Manage Your Money With a Simple Budget Spreadsheet

Learn Where Your Money’s Going—And If You’re on the Right Budget Track

An illustration depicting people taking on a variety of personal finance tasks.

The Balance

You’ve added up income, categorized expenses, and created a rough outline for a budget. Now, you’re ready to set up a simple budget spreadsheet. You can find budget templates online, use an app, or try out The Balance’s Simple 50/30/20 Budget spreadsheet. 

Create Your Budget

Lay out your budget in a spreadsheet, considering both the broad categories of spending (such as housing, food, transportation) and your needs (50%), wants (30%), and savings (20%). Remember that broad categories may help you capture your spending with the most ease and least fuss—and increase your chances of sticking with a budget. 

A screenshot of The Balance's Simple 50/30/20 Budget
The Balance's Simple 50/30/20 budgeting spreadsheet.

The Balance

Track Your Expenses

Throughout the day, write down your expenses in a notebook, keep track in an app, or on your smartphone.

“Tracking expenses isn't a time to judge good or bad or to even take action,” said Jenifer Sapel, president of Kirkland, Washington-based Utor Wealth, by email to The Balance. “Think of it as like reading a book or meditating. It’s a time just to take note of the data.”

Then, enter your expenses into the spreadsheet at the end of the day or week. But if you’re intimidated by spreadsheets, that’s okay, she explained—the tool isn’t as important as the process of taking inventory. 

Budgets and credit cards can mix. Financial blogger Alene Laney uses her credit card for everyday purchases to earn miles and points. Then she uses the card issuer’s spending reports to review expenses, which she prefers over her bank’s spending report. “When you have good spending habits in place, it won't matter whether you use a credit card or a debit card,” she said in an email to The Balance.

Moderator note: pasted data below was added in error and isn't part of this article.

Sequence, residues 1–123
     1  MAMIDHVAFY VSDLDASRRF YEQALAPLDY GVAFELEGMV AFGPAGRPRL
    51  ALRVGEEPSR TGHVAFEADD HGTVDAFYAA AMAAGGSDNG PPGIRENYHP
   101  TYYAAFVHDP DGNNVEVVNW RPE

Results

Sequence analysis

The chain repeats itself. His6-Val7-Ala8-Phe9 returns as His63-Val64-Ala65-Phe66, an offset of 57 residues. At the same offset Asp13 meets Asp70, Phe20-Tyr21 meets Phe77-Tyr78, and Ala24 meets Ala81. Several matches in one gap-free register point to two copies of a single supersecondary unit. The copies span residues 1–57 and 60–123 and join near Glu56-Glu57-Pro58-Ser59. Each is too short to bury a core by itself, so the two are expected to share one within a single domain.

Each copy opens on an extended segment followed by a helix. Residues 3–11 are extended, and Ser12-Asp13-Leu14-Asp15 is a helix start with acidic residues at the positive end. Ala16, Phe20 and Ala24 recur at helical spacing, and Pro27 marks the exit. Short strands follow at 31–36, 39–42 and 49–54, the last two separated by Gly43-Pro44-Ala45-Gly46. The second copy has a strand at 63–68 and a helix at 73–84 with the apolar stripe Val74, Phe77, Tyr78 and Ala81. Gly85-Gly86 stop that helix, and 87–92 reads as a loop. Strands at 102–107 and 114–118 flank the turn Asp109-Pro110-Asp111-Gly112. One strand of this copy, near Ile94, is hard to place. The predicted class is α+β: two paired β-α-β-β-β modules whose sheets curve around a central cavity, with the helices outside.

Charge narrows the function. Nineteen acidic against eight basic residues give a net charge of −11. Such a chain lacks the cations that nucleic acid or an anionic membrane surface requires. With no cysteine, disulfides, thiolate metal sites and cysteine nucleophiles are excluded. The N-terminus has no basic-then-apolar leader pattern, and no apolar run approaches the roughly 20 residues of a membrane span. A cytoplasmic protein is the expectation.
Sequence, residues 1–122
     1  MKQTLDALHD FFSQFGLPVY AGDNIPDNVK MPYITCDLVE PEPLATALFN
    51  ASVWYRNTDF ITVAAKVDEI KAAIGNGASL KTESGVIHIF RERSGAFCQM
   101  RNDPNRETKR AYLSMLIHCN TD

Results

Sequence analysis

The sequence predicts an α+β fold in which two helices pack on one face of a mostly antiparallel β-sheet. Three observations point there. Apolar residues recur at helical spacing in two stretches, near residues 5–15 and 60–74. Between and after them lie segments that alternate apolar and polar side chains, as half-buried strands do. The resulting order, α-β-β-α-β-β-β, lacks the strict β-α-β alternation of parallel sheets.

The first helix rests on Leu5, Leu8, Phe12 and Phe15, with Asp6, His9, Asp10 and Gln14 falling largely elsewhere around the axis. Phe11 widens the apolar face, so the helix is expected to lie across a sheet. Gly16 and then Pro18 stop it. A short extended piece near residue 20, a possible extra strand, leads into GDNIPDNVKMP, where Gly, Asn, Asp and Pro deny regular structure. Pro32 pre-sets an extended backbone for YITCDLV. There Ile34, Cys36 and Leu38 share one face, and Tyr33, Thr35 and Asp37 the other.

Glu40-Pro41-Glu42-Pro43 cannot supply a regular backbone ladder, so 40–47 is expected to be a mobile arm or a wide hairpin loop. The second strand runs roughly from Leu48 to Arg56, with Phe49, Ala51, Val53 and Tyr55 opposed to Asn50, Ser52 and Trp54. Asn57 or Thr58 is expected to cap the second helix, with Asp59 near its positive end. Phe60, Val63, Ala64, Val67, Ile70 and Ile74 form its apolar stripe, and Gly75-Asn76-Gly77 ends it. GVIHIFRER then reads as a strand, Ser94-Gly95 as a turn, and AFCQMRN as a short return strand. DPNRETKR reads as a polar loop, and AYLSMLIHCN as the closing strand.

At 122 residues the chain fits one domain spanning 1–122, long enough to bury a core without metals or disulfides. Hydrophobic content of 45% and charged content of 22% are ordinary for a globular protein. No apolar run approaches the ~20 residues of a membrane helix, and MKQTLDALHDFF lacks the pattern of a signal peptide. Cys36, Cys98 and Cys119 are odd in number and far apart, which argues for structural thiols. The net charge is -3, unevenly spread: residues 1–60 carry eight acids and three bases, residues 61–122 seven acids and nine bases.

Adjust Your Habits

Money coach and Certified Financial Behavior Specialist Carrie Friedberg suggested undertaking a line-by-line review of your plan, mid-month. 

“Compare the budget versus actuals to date, and make adjustments for the money available while there’s still time,” she said in an email to The Balance. “[At month’s end] reflect on what happened over the last month and use that data to create a more accurate plan for the upcoming month.”

If you need to reduce some of your “fun” spending, first decide what’s particularly enjoyable about that expense, Sapel suggested. Then, brainstorm more affordable ways to earn that enjoyment.

“For example, in a pre-Covid world, I was a regular pedicure goer,” she said. “That expense for me isn't about my nails, though. It’s about having an hour of quiet me-time. I can accomplish the same with a solo walk or visit to the library.” 

Automate some spending to save time, reduce stress, and avoid late payments, suggested money coach and Certified Financial Education Instructor Willita Cherie. Signing up with the provider is the safest method. Bank auto-payments may not always deliver on time, so schedule payment a few days in advance of the due date, Cherie said in an email to The Balance. In either case, request email or physical receipts to track proof of payment. 

Next Steps and More Resources

You can use The Balance’s Simple 50/30/20 Budget spreadsheet to track your income and spending and see how you're doing. Or, if you’d like to use more automated apps or software to create and maintain a budget, options include Tiller Money, You Need a Budget (YNAB), and Mint

Next, you’re going to learn how gamifying your budget might help you reach your goals.

You can also learn more about keeping pace with your budget: